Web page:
I think we are reading different books, scarecrow. Shostakovich wasn't safe at all, he was in fear of his life and suicidal. Khrennikov and others tried to destroy him and nearly succeeded. His propagandist work was limited to his second and third symphonies, the two cantatas, and some film music he wrote fto put bread on the table when his music was banned and he was fired from his academic posts. The music is what matters, but context is alwys of interest, if only peripheral, and in his case it was much more than that.

If you insist on unaccompanied cello in Mendelssohn, I guess you could leave the piano out. as in Music Minus One. Then you might end up with something like more tuneful Kodaly, Hindemith, or Reger (God forbid!).

In reply to an earlier post on Jun 3, 2012 1:37:03 PM PDT
Last edited by the author on Jun 3, 2012 2:12:48 PM PDT
KenOC says:
scarecrow writes, "Shostakovich was quite a safe guy by comparison--- he really never took any chances..." with his 9th Symphony? Or his 13th?

"He had a apparatchik sugar-daddy in the Stalinist bureaucracy to check things out for him..."

The only "angel" DSCH had was Marshal Mikhail Tukhachevsky, far more than an appparatchik. Tukhachevsky was tortured and executed by a single bullet to the back of the head in 1937, on Stalin's orders. His wife and both brothers were then shot and three of his sisters were sent to penal camps. No, no reason for Shostakovich to worry!

Oh well, I must be reading Piso's book instead of yours.

Posted on Jun 4, 2012 7:06:09 AM PDT
Evan Wilson says:
After the purges of the 1930s, I think it's fair to say the NO ONE in the Soviet Union, let alone a prominent artist, was safe. I suspect that it's really difficult for people in the West to understand the level of fear and paranoia that ran through Soviet society during the reign of Stalin. People who thought they were safe were frequently killed and everyone knew someone who had disappeared. It's how Stalin was able to reign for so long.

In the end, though, Stalin also paid the price for the cult of fear he created, when he had a stroke at his dacha and NONE of his household staff would call for help because they were afraid of the consequences. The best guess is that Stalin suffered for perhaps 4 or 5 hours as a result of the stroke before he died. (A fitting end for such a butcher, if you ask me.)

In reply to an earlier post on Jun 4, 2012 8:52:23 AM PDT
Last edited by the author on Jun 4, 2012 1:31:01 PM PDT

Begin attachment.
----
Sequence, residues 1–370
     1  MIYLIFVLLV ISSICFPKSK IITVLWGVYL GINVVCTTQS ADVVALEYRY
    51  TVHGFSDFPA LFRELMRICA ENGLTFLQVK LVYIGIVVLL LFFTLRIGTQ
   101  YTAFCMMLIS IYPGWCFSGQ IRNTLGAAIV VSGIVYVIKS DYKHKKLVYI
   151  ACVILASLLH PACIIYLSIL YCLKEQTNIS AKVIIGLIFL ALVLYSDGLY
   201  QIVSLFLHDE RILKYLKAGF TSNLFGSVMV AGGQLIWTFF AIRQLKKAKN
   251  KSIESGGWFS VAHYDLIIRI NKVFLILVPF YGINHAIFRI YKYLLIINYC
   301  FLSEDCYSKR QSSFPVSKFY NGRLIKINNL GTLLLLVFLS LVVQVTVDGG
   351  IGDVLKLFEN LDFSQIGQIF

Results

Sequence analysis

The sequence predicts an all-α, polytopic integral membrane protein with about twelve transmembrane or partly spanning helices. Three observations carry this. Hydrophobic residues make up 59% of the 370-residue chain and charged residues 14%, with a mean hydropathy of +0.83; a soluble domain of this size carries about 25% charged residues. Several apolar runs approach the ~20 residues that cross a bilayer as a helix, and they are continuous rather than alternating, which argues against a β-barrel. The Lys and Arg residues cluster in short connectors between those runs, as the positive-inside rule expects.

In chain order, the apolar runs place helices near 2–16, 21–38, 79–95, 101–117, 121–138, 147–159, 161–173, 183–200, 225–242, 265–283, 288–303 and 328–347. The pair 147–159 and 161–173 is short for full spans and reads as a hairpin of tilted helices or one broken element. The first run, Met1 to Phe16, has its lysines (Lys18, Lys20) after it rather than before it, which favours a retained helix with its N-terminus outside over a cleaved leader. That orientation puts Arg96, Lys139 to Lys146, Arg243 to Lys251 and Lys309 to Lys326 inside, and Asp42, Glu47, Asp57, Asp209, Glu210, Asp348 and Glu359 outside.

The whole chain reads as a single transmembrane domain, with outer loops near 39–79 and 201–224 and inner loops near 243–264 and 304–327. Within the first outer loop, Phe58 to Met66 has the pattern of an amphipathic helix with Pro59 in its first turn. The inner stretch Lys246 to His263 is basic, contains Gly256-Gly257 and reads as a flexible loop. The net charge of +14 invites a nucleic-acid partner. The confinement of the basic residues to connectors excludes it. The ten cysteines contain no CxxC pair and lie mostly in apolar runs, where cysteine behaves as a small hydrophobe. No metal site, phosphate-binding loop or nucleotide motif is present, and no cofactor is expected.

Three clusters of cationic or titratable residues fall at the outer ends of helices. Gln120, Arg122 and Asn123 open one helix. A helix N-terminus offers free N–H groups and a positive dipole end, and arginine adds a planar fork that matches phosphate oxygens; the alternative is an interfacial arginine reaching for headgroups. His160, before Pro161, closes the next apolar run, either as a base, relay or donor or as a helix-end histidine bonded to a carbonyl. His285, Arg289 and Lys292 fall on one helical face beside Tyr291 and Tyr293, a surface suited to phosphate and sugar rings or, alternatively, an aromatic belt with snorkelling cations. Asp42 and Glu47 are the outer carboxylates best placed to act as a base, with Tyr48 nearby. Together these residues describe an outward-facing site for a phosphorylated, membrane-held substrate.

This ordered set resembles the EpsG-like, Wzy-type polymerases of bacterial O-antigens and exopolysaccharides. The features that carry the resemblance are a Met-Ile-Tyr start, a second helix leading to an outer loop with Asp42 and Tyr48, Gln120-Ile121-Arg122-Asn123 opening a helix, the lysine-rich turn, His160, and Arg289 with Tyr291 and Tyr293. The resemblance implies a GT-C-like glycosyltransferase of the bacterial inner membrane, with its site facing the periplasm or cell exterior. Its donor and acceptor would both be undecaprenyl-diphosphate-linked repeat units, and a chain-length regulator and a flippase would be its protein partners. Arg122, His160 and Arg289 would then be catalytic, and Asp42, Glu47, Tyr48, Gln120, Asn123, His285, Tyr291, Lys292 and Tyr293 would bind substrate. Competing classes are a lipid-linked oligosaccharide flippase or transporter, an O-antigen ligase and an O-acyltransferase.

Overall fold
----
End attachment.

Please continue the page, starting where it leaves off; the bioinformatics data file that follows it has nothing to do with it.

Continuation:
Edgar Self says:
Evan Wilson -- According to one report, after watching movies with friends on the last night of his life, Stalin went to bed, but as usual in a different room every night, nobody would know which one. There was confusion when he didn't appear the next morning because no-one knew which room he was in. But when he was found, Maria Yudina's LP of Mozart's 23rd piano concerto was on his bedside table phonograph.

Posted on Jun 4, 2012 1:15:24 PM PDT
TGT says:
Didn't Charles Ives have some sketches for a "Universe Symphony" (a fifth symphony) that he never got around to writing? I have an Ozawa/Boston Symphony recording of Ives' Fourth Symphony. What a beautiful symphony! It's too bad that Ives stopped composing long before he died; apparently, he felt creatively spent and "written out". There's no telling what great musical ideas died with him.

Posted on Jun 4, 2012 7:43:23 PM PDT
Last edited by the author on Jun 4, 2012 7:54:36 PM PDT
David M. says:
Obviously I'd like if all my favorite composers lived 10 years longer, but the most painful "what ifs" are the ones who died young. Mozart, Lekeu, Schubert, Smit, Gershwin, Fine, Mendelssohn, Arriaga, etc. I spend too much time wondering how Chopin would've transitioned to symphonic writing.

Posted on Jun 5, 2012 3:36:42 AM PDT
I would trade in a whole lotta great music for Beethoven's 10th symphony.

In reply to an earlier post on Jun 5, 2012 5:31:53 AM PDT
Last edited by the author on Jun 5, 2012 5:54:00 AM PDT
scarecrow says:
it' silly to argue, if you don't have a good context for Soviet history, read "Let History Judge" by Roy Medvedev, he also has excellent books; as I mentioned Boris Kagarlitsky is an incredible writer; Moshe Lewin, Charles Bettelhiem, Robert Conquest,Richard Tucker ( western sovietologist), and Stephen Cohen is brilliant. . .
Biographies of composers are the last place to start to find an historical context;and or Documentaries, they always leave out many unpleasant things,context, references, evidence;ask Ken Burns;

Shostakovich was never imprisoned nor tortured, as say Mikis Theodorakis or Isang Yun,or the numerous folk artists and poets in Central and South America;who were summarily executed. . .

Shostakovich was worth more alive than dead to the Stalin-Guys, the bureaucracy,
He was good propaganda=maker all the way round,. He had no aesthetic ambitions to find his voice within the vigours modernity,12-Tone stuff! as the bourgeois composers of the West as Boulez,Babbitt, Copland, Stockhausen.And